Thursday, December 2, 2010

Who can resist a man who sings like a woman?

The New York Times (“NYT”) Sunday Magazine recently published an article entitled “Who Can Resist a Man Who Sings Like a Woman?” The article profiles Philippe Jaroussky, a French opera singer who has gathered a dedicated following because he is a fully-grown man who possesses a beautiful, “female” singing voice. Below is a video of Jaroussky singing a Handel piece.

Jaroussky sings in a countertenorial voice, a voice that is “a high girlish tone produced by using the outer edges of the vocal cords” that “continually teeter[s] on the knife edge between creepy and sublime.” Jarrousky himself has stated that the voice carries an “element of repulsion.” Though understandable, I was disappointed by the subtextual gender-normative value judgments in the NYT piece. In this blog post I will try to move beyond a gender-normative perspective by discussing the historical and present significance of the countertenorial voice through a feminist analysis.

First, I’d like to tie this topic back to a previous blog post topic that I have made about how the progenitors of glam rock during the 1960s and 1970s used music (and its presentation) to push the boundaries of gender stereotypes. I think that Jarrousky’s music does the same thing. He has stated that it is potentially ridiculous for a grown man to be singing in a countertenorial voice. On the one hand, his statement could be understood from a biological standpoint. When men go through puberty, their voices become deeper, and in this sense, it may be "ridiculous" for a grown man to sing like a girl or a choirboy because of the biological improbability that a man would be able to do so.

However, I also think that Jarrousky meant that a man singing in the countertenorial voice was ridiculous when judged by societal values. In this sense, Jarrousky is pushing gender boundaries much like male glam rockers who flirted w/ female clothing, imagery, and make-up also seemed ridiculous by greater societal standards. Interestingly, the “ridiculous” juxtaposition of the grown male body and the pristine female voice in present times seems to have embodied certain societal values in older European cultures. The NYT article states that much pre-19th-century opera and Shakespearean comedy is based on the premise that women find as desirable boys who may or may not be girls. In this context, I think that the countertenorial voice is commendable for both its historic and modern gender-boundary-pushing capabilities.

The historical popularity of the countertenorial voice, however, came at a price for those who wished to master its gloried status. The history of the countertenor is shocking because of the sexual discrimination and oppression that its predecessors faced for the sake of art. According to the NYT, the countertenor has its roots in the castrato – a male singer who was castrated before he reached puberty for the purpose of preserving his pure, high voice. This practice supposedly originated from St. Paul’s edict in the Corinthians that “women should be silent in church.” Moreover, castrati often came from impoverished families who sold them like slaves. They were not allowed to marry but were objectified by women as non-reproductive lovers. Once they lost the quality of the countertenorial voice, their lives were ruined.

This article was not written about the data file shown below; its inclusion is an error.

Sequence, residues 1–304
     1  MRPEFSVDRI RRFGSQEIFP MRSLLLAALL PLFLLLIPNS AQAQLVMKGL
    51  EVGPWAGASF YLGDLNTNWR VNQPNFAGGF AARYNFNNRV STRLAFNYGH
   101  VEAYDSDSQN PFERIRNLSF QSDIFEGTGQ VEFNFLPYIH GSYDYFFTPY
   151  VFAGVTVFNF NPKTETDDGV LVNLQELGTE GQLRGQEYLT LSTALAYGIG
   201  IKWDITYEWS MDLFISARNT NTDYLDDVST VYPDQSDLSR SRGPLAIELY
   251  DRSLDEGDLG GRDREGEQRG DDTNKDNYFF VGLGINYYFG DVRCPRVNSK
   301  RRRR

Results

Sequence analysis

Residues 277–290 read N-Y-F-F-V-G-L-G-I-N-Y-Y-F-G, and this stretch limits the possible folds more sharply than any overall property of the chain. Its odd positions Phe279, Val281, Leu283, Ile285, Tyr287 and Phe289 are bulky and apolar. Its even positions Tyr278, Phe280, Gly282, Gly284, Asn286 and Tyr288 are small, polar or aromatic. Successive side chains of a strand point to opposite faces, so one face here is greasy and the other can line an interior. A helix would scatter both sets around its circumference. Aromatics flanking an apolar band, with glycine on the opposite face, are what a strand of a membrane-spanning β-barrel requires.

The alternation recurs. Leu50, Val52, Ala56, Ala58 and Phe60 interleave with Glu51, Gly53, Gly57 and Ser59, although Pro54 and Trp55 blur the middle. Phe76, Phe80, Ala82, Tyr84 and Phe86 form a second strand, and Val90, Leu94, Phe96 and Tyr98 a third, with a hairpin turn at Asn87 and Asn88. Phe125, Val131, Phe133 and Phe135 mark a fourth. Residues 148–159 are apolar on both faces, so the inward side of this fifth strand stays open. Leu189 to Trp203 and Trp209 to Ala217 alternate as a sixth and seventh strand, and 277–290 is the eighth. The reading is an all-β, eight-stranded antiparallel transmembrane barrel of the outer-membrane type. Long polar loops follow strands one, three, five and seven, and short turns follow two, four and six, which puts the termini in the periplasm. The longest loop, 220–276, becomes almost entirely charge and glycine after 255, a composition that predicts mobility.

Sexually oppressive and violent practices premised on societal values of beauty and aesthetics are nothing new. For example, footbinding was practiced in China for over one thousand years, possibly for a number of reasons, but all for the sake of an idealization of female beauty. In the modern globalized culture, tall and thin models are held as the standard of female beauty. This may result in bulimic or anorexic syndromes for models who perpetuate the standard, as well as for people in the general population who wish to achieve this standard.

The sexual oppression that castrati faced, however, is striking because of the role-reversal of men as the objects of oppression by both men and women. One writer has stated that castrati, like women, were simply objects in a world defined by hegemonic male power. I think this is an apt insight, and the metaphor of the gilded cage symbolizing female captivity also seems to apply to castrati. The gilded bars may be beautiful and ornate, and the castrati may be placed on an elevated pedestal in high culture, but if we step back and view the bars in totality, we see that the castrati are nevertheless constrained by a cage both on a personal and on a societal/structural level.

Relating this back to the modern-day popularity of the countertenor, I think knowing the foundation of the countertenor is useful for explaining the historical reasons why some may find the idea of a grown man singing with a girlish voice jarring, to say the least. Hopefully, however, the countertenor will not be constrained by the more disturbing aspects of its past, and by applying feminist perspectives to the countertenorial voice, we can appreciate the beauty and quality of the voice without resorting to a gender-normative framework.

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